Mike McLaughlin, center, sought help from a sports psychologist his freshman year at Northeastern. (Adam Glanzman/Northeastern University, courtesy)
Just off the side of the ice at Matthews Arena, the oldest hockey venue in the world still in use, sits the office of Mike McLaughlin, director of hockey operations at Northeastern University.
McLaughlin, a former captain for the Huskies, was still coming down from last month’s high of Northeastern winning its first Beanpot tournament since 1988.
"It was an amazing experience,” he said. “It was like we won a national championship."
McLaughlin admitted he wasn’t always on top of the hockey world, however.
Growing up in a small town in Canada, he came to Northeastern in 2008 and was overwhelmed with the hustle of Boston and the demands of being a college student.
On top of that, for the first time in his life, McLaughlin wasn't getting any playing time.
"I was sitting in the stands, and it's something that I've never dealt with before,” he said. “I was homesick. I was going through a lot of things."
With all of that weighing him down, he sought help from a sports psychology consultant.
"So it was kind of talking me down, helping me see the perspective and focusing on what I could do in the moment,” McLaughlin said.
Like other students, the stress of class, grades and meeting others’ expectations takes a toll on college athletes' mental health.
But that stress is intensified astronomically for athletes, who often have to perform well to maintain scholarships. They also face scrutiny that most students never do — from fellow students, alumni, the media and others.
“It's very public,” said Peter Roby, Northeastern’s former athletic director. “They keep score. They put it in the paper. They write about it, they interview after the games. It's on television. It's on the internet. There's no place to hide. So if you're not doing well, if you're failing, everybody's going to know about it. And then they're going to want to know why."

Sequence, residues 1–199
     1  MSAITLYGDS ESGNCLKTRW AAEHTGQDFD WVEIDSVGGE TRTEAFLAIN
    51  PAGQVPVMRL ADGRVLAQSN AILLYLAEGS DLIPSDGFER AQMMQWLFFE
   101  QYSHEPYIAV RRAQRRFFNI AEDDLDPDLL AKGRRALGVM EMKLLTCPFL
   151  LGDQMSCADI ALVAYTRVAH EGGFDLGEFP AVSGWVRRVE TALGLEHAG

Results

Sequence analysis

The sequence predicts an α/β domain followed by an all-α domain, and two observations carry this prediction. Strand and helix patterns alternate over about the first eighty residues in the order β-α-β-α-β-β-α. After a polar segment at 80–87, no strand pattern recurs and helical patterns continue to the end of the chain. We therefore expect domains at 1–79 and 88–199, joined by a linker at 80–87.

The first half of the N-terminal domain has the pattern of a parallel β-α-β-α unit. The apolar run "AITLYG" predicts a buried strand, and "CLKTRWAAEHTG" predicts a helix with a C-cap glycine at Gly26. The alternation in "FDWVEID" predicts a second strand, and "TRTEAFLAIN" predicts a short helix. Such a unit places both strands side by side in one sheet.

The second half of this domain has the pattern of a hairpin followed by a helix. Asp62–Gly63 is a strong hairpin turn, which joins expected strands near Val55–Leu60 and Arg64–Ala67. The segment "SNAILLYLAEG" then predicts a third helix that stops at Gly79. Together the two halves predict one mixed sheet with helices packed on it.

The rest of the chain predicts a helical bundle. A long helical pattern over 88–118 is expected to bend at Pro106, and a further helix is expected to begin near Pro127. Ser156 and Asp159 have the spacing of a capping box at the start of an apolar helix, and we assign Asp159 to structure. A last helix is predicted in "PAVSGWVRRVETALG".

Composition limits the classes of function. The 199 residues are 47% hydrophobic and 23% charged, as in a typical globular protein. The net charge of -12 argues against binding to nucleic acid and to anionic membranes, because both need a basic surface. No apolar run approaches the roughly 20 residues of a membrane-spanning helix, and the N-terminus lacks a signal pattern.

Exacerbating this problem is the limited help available to athletes and what they don’t do when they need some form of mental health care.
A 2014by the University of Michigan School of Public Health found that while 30 percent of college students experiencing symptoms of depression or anxiety seek help, only 10 percent of college athletes do.
Roby, a basketball player at Dartmouth in the 1970s, said there are a number of reasons for this gap, but for decades now one stood above the rest: the stigma surrounding mental health and the "suck it up" culture of college athletics.
"You were told just toughen up. Do whatever you have to do and play,” Roby said. “Or it's the pressure of not wanting to let your teammates down. You would rather be out there with your teammates and sacrifice some of your own health to be a part of that culture."
The NCAA has begun addressing the issue of student-athlete mental health over the past decade, but still, many athletes who need help aren't getting it. This isn't just an issue for athletes at Division I schools like Northeastern.
Even students at Division II and III schools not necessarily known for sports grapple with elevated stress. That's why Wellesley College became theDivision III program in the country to adopt mental health programming.
Niki Rybko, director of sports medicine and wellbeing at Wellesley, said a survey of students and staff found an increased need for mental health care, including among athletes.
While Wellesley could afford to later bring in a clinical psychologist who focuses on sports and start training for athletes and staff on mental health, Rybko says there are other, less expensive ways to help students.
"I think through education and demanding it, because it's going to become a thing that has to be done,” she said. “The demand for help is going be too high."
At Northeastern, McLaughlin, who went on to eventually graduate with a master’s degree in sports psychology from Boston University and works as a sports psychology consultant on the side, thinks more can be done. He hopes other athletes seek help — like he did. That means educating coaches about what mental health is and removing the stigma surrounding it.
McLaughlin during his playing days. (Jim Pierce/ Northeastern University)
McLaughlin and other advocates want the NCAA to make it mandatory for athletic programs to have a sports psychologist on staff. For them, it's a simple matter of taking care of athletes’ minds as well as their bodies.
“Just because someone is seeing a sports psychologist or a counselor about depression/anxiety doesn't make them a bad person or a bad player or they're going to negatively impact their team,” he said. “They can help you.”